The antiwar sentiment was largely limited to Indochina. While some media critics irresponsibly charged that I called an alert of United States forces during the Yom Kippur War in October 1973 solely to divert attention from Watergate, there was overwhelming support in the Congress for the massive airlift and other military actions I took to save Israel. But Vietnam was different. Without Watergate, we would have faced the same opposition to our use of military power to enforce an agreement that would bring peace to Vietnam.In other words, the American people were sick of the Vietnam War. They didn't believe it was worth the continuing cost it was demanding. And that sentiment was reflected in Congress on both sides of the aisle. It wasn't an unwillingness to confront substantial threats to American national security or a general abandonment of allies, as Nixon explains there. It's just that sometimes, you have to recognize that a lost cause is a lost cause. And that was one of those times.
But Nixon being Nixon, even after that fairly frank recognition that the public and Congress were done with the war after the 1973 agreement, he comes back with the kind of accusation that so endeared him to his younger admirers like Karl Rove, Rummy and Dick Cheney (my emphasis):
I was shocked by the irresponsibility of the antiwar majority in Congress.What's sad and almost nostalgic about that is that even rank demagoguery like that seems almost tame by the standards of today's Birchified and OxyContin-ed Republican Party. How much better off we would be if we only had to deal with Nixon's level of dishonesty in the national government today. (A reminder of Molly Ivins' warning that no matter how bad things get, there's always a chance that we'll look back on today as the "good old days." Yikes!)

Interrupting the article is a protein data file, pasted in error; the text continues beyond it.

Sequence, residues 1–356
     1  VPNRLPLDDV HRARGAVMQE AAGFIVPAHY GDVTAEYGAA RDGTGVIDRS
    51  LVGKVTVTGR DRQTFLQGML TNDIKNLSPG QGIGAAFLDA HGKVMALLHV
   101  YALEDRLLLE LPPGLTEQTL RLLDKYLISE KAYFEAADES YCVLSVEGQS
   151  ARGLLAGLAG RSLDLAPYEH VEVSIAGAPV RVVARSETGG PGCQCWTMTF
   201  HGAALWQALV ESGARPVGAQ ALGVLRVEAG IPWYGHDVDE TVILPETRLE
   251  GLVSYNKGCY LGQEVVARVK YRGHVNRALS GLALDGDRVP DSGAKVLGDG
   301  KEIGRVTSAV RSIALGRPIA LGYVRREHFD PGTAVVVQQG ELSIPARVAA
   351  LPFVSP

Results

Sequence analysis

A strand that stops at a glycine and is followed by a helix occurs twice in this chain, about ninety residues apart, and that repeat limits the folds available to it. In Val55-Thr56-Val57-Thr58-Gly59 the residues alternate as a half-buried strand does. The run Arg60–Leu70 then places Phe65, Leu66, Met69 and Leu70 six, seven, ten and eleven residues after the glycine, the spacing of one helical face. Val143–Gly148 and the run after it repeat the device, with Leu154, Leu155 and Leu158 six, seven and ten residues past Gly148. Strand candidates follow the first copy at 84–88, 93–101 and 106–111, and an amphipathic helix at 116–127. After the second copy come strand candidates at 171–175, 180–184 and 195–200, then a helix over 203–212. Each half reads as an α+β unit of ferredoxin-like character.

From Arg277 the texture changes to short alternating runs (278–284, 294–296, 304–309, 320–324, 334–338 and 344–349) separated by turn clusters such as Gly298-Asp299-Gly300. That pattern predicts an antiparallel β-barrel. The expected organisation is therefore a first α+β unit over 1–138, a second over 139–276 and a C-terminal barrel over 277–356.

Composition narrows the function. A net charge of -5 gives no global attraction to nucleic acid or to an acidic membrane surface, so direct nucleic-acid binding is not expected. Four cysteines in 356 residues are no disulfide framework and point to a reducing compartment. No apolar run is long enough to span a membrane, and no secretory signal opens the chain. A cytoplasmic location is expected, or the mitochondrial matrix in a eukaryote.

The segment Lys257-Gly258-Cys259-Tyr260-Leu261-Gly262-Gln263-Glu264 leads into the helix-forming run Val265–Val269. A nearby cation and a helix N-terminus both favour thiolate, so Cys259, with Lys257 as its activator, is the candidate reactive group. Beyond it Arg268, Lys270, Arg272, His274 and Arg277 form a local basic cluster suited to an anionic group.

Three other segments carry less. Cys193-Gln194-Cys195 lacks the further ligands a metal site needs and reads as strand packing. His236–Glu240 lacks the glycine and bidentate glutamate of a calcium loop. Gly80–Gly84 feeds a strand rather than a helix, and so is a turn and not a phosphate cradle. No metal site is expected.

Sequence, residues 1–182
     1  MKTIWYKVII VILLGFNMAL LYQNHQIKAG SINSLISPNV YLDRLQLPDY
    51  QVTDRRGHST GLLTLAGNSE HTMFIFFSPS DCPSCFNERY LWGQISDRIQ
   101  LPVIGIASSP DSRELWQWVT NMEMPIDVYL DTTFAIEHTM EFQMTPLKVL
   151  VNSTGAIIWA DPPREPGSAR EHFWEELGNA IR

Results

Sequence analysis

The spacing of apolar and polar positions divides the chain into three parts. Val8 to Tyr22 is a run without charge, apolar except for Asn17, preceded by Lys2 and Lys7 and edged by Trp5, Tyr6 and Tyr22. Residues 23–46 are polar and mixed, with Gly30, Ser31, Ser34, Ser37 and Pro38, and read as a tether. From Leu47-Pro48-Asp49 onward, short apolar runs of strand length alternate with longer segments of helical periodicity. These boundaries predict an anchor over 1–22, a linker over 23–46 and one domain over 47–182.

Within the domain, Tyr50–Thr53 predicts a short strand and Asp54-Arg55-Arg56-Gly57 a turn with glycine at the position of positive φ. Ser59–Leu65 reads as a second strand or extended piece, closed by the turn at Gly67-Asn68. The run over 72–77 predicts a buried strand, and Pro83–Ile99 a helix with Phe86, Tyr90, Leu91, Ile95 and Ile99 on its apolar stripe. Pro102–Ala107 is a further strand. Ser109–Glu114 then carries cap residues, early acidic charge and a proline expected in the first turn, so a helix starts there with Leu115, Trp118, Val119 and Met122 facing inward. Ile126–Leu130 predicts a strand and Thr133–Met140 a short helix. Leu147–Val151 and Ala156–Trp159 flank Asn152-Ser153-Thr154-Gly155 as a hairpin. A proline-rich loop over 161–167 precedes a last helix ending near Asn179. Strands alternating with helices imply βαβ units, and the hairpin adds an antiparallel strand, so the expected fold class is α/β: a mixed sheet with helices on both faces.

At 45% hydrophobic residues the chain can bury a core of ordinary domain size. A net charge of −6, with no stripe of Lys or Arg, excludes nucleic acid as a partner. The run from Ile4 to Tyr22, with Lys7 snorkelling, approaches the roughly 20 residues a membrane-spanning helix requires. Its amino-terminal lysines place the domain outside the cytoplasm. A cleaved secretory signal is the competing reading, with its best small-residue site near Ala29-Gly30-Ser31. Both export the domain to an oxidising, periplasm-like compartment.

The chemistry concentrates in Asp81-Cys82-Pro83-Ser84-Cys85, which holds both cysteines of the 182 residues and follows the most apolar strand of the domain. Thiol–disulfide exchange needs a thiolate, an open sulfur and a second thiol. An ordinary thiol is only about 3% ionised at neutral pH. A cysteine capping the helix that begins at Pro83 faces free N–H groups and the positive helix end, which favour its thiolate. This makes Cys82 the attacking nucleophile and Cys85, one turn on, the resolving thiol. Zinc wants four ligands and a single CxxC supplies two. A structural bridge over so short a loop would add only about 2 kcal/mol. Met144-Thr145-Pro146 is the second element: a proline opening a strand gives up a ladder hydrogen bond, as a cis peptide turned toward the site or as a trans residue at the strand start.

I know this is long, but I promised to put in a reality-based version. And sometimes, it's just nice to take your time and savor the true extremes of hackery that are available for those who look.
Okay, to the reality-based part. Was it only the alleged faint-heartedness of Congress that stood in the way of South Vietnam's victory over the North Vietnamese PAVN? Well, even after American efforts beginning in 1961 to build up the South Vietnamese government and army, by 1973 they still were not able to survive on their own, politically or militarily, even with continuing American aid. One reason why is given by Stanley Karnow in Vietnam: A History (1983):
South Vietnam's crumbling economy eroded army morale, which had been surprisingly high until then. A survey conducted during the summer of 1974 by the U.S. mission in Saigon found that more than 90 percent of the soldiers were not receiving enough in wages and allowances to sustain their families. Inflation was only one cause, however. Corruption was now exceeding all bounds as commanders robbed payrolls and embezzled other funds. Quartermaster units often insisted on bribes in exchange for delivering rice and other supplies to troops, and even demanded cash to furnish the fighting men with ammunition, gasoline, and spare parts. Officers frequently raised the money by squeezing local villagers, whose support they alienated in the process, and many traded with the Communists privately. The American report cautioned that the "deterioration" had to be halted "if the South Vietnamese military is to be considered a viable force." Ambassador Martin dismissed the warning with a tired cliche: "a little corruption oils the machinery." There was nothing he could do, in any case. Thieu's wife and cronies and their wives, indifferent to the danger, were reaping fortunes in real estate and other deals, and they set the code of misconduct for the entire officialdom. Or as an old Vietnamese adage put it: "A house leaks from the roof."Congress authorized $1 billion in aid for South Vietnam in 1974, but appropriated only $700 million. Did that cut the feet from under our allies who would otherwise have won?
Karnow again (my emphasis):